(CNSNews.com) – A career Internal Revenue Service employee in the Cincinnati office told Congress she resented the accusation that the targeting of Tea Party organizations was the work of “rogue” agents from her office.
“I was deeply offended they would impugn my reputation and the reputation of other agents and employees,” said IRS Cincinnati employee Elizabeth Hofacre during her testimony to the House Oversight and Government Reform Committee Thursday.
Hofacre said several times that assertions that the entire scandal involving the targeting of Tea Party groups was the fault of Cincinnati rogue employees was like a “nuclear strike.”
Suspended Exempt Organizations head Lois Lerner, former IRS Commissioner Steven Miller and White House Press Secretary Jay Carney all blamed Cincinnati employees after a Treasury Inspector General for Tax Administration report first exposed the improper scrutiny.
Later evidence surfaced that the IRS in Washington was involved. Most recently, IRS employees said that the office of the IRS chief counsel was involved. IRS Chief Counsel William Wilkins is one of two political appointees in the agency.
From 1999 through October 2010, Hofacre was employed as an IRS Exempt Organization Determination Specialist. After that, she made a lateral move to the Exempt Organization Quality Assurance office because of her frustration over dealing with supervisors in the processing of tax-exempt applications from Tea Party organizations.
Rep. Jim Jordan (R-Ohio), asked Hofacre, “Do you think the public has been purposefully misled by assertions that Cincinnati was to blame? And your response was?”
Hofacre responded, “Yes, I believe so.”
She later said, “It was inferred that I was one of them,” referring to rogue employees.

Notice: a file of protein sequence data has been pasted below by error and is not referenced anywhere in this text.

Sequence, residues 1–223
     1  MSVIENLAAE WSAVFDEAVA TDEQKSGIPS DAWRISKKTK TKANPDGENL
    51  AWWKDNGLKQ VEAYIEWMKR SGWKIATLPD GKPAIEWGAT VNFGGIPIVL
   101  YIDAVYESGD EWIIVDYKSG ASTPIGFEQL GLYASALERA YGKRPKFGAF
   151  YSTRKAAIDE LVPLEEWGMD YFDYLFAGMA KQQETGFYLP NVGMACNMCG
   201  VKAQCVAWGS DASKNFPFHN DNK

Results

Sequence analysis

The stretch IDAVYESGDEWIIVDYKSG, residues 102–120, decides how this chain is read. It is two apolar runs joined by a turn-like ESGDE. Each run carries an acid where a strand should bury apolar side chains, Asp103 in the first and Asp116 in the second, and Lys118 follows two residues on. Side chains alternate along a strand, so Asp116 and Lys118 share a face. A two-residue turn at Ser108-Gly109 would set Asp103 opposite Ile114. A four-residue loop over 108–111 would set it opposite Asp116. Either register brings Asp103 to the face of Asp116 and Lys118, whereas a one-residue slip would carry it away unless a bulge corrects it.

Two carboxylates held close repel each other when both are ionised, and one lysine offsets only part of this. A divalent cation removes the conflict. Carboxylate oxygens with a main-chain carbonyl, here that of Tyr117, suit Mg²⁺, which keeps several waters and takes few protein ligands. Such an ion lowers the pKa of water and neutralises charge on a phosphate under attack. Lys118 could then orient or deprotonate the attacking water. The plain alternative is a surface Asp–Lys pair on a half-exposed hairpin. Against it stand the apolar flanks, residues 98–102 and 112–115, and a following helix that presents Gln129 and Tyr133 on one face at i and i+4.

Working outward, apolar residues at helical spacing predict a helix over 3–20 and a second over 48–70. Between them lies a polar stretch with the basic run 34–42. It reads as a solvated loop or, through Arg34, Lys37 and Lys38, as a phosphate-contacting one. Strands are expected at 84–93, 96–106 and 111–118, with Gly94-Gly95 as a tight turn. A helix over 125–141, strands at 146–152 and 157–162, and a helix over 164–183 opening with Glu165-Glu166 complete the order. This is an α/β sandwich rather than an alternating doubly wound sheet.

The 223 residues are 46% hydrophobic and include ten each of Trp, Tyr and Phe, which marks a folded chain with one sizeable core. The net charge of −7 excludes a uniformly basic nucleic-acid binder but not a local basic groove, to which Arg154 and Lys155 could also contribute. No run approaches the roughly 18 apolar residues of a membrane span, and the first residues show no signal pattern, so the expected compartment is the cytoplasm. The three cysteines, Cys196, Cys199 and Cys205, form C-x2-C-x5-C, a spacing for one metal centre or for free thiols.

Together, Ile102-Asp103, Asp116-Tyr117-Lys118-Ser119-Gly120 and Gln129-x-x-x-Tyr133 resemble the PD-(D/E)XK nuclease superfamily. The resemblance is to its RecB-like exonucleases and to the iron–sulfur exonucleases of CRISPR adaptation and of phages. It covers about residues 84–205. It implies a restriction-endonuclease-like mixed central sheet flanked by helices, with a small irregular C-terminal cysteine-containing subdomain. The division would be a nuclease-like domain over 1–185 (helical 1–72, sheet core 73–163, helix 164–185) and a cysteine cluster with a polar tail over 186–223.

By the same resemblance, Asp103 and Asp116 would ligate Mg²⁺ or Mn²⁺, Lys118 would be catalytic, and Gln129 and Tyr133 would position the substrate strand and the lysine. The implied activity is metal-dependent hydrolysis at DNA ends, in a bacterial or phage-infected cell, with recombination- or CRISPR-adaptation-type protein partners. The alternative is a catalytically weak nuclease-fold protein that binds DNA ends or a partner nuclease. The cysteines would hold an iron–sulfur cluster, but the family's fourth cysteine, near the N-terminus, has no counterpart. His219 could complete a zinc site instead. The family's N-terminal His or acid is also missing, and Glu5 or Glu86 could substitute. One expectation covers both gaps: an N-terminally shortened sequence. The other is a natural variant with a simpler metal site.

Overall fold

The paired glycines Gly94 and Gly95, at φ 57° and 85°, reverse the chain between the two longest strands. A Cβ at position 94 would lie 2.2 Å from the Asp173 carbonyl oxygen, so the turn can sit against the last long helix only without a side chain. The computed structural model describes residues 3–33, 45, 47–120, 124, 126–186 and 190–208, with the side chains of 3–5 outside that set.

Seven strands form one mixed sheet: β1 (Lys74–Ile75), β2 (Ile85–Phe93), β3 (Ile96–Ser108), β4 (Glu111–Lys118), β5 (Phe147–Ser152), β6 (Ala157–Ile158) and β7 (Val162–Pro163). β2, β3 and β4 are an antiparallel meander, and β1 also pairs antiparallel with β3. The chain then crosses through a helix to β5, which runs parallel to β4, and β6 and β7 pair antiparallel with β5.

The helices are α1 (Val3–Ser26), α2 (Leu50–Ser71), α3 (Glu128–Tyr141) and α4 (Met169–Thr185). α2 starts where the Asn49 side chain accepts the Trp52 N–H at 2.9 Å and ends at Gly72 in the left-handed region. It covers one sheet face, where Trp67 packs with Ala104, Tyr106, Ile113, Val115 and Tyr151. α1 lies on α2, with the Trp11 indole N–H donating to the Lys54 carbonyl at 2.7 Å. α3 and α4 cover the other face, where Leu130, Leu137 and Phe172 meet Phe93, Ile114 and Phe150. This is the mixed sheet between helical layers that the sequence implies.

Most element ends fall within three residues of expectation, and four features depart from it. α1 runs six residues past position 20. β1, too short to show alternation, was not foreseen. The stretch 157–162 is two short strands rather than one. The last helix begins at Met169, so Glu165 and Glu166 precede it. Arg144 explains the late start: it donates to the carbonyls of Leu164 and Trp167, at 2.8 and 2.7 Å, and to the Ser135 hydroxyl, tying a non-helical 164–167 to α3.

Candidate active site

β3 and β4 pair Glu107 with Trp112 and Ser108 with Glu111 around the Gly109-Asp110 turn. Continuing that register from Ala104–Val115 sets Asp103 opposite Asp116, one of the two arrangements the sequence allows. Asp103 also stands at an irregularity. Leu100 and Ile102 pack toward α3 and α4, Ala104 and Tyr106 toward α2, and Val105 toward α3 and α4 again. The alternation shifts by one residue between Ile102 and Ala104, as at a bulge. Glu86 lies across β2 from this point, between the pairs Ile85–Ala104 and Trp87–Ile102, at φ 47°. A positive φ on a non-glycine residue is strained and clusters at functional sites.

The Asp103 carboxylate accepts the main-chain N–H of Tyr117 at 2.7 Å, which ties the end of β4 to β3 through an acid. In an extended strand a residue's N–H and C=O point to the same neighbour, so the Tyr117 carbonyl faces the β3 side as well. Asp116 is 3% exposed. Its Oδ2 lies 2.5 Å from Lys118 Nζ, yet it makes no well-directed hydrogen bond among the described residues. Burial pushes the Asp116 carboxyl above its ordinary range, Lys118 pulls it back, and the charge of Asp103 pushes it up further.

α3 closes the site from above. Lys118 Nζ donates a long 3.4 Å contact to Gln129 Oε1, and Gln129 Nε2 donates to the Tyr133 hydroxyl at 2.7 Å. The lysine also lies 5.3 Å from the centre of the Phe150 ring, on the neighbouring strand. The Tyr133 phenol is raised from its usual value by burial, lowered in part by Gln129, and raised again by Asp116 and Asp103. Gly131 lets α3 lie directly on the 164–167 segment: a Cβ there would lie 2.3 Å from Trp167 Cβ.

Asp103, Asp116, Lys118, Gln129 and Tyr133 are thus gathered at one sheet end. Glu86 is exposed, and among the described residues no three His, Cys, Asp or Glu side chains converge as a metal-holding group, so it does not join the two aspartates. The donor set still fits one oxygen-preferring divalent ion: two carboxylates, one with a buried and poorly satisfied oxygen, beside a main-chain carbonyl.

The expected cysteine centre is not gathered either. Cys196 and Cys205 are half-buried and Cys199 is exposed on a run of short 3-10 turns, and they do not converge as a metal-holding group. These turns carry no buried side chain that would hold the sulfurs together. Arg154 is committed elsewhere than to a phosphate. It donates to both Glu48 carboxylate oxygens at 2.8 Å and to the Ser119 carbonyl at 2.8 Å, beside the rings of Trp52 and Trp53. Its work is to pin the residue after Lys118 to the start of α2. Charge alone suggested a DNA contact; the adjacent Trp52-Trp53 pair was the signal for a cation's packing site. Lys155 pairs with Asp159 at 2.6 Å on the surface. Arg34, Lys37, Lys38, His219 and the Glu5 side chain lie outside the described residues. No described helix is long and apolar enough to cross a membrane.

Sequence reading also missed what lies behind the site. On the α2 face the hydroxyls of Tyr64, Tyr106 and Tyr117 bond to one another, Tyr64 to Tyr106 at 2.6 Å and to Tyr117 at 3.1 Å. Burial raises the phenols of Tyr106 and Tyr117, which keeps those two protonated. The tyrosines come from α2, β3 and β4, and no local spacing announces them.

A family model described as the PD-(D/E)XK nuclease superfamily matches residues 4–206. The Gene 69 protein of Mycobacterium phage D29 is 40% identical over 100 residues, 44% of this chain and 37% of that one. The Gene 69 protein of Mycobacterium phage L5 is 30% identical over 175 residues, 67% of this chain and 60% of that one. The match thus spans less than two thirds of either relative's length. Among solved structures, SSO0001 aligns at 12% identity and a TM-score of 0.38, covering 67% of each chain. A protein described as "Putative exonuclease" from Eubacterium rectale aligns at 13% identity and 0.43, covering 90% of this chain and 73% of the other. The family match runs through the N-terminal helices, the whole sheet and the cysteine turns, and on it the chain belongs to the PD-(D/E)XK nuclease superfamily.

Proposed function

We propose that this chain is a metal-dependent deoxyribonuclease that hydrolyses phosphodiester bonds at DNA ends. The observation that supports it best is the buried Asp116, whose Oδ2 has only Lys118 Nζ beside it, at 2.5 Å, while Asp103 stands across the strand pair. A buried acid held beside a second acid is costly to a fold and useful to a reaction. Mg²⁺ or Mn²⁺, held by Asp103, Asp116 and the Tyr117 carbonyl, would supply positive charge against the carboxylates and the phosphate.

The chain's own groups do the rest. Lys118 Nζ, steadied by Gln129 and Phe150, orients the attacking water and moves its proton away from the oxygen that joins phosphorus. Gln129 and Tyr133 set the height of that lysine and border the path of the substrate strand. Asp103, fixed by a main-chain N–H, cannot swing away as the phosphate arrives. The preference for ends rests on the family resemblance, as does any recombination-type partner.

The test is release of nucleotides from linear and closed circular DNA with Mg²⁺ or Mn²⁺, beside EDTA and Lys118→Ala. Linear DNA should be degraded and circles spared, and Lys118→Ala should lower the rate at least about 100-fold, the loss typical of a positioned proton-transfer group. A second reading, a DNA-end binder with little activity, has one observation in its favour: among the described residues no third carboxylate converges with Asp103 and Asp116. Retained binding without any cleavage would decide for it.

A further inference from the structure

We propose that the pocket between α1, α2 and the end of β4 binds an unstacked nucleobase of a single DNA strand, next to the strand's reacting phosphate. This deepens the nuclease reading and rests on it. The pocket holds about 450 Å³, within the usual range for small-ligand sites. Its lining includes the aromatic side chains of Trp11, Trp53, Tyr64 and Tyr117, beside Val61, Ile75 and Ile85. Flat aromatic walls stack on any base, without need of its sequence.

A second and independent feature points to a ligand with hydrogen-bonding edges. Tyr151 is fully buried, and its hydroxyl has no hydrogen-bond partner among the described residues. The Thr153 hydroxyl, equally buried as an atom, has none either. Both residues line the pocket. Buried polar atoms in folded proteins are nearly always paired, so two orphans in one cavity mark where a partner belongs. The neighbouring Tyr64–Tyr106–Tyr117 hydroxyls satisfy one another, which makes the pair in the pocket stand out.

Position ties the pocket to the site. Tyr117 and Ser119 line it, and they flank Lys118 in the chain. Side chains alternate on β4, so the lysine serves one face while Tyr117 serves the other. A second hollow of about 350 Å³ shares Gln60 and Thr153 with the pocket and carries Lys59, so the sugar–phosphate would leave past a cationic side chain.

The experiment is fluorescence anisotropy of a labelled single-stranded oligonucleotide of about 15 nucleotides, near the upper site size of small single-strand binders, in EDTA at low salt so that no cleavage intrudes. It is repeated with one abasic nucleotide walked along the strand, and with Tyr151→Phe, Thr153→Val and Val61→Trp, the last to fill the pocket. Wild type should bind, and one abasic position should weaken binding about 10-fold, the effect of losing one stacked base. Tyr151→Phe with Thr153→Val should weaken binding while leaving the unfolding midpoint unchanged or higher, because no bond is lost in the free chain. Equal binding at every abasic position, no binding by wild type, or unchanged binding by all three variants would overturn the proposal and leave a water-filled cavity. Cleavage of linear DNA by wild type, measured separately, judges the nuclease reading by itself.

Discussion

“I was not,” Hofacre said. “I was following direction of management, and they were aware of what I was doing.”
Rep. Jason Chaffetz (R-Utah) asked, “When the spokesperson for the president of the United States stood up and said IRS line persons from Cincinnati were targeting conservative groups, what’s the accuracy of that statement?”
Hofacre said, “Sir, the accuracy to any inference to rogue agents is incorrect.”
She said after the inference, “The press hounded my family and me. They were hounding us at work.”
Chaffetz asked, “What did you want to do?”
“Go back to my life previous to May 10,” Hofacre answered.
Chaffetz denounced Obama administration officials for blaming lower-level employees for the scandal, when in fact it turned out that Washington was involved.
“That’s the sad part of this story. I’m glad the truth is surfacing. I think most people reflecting back, realize you are more heroic in this,” Chaffetz said. “I think when you have such senior powerful people in Washington, D.C., trying to discredit you and your person for your service, this is wrong. I’m proud of the fact that we are pursuing this.”
“If we did what the White House wanted us to do, if we did what the ranking member suggested we do, this thing would be over,” Chaffetz said. “Nothing here, don’t do it. As far as I’m concerned it’s over. When you have the spokesperson for president of the United States make a definitive statement that it was two rogue agents and start poking at these people who have no power to do anything about it, that’s wrong. How dare anyone suggest we’re at the end of this! This is the beginning of this.”
Oversight Committee ranking member Elijah Cummings (D-Md.) said he did not want to end the investigation.
“What I said was when it came to issue the president or the White House being responsible, evidence for that is not and continues to be not there,” Cummings said. “I want to get to the bottom of this.”
Hofacre told the committee that she was assigned review applications with “Tea Party,” “patriots” and “9/12” beginning on April 30, 2010.
“In my experience, this was an unusual process – I never before had to send development letters that I had drafted to EO Technical for review, and I never before had to send copies of applications and response that were assigned to me to EO Technical for review,” she told the committee.
“I was frustrated because of what I perceived as micromanagement with respect to these applications. I also received numerous calls from applicants asking about the status of their applications,” she continued. “I was only able to tell those applicants that their applications were under review. I became frustrated, because until I received guidance from EO Technical, I was unable to process those applications.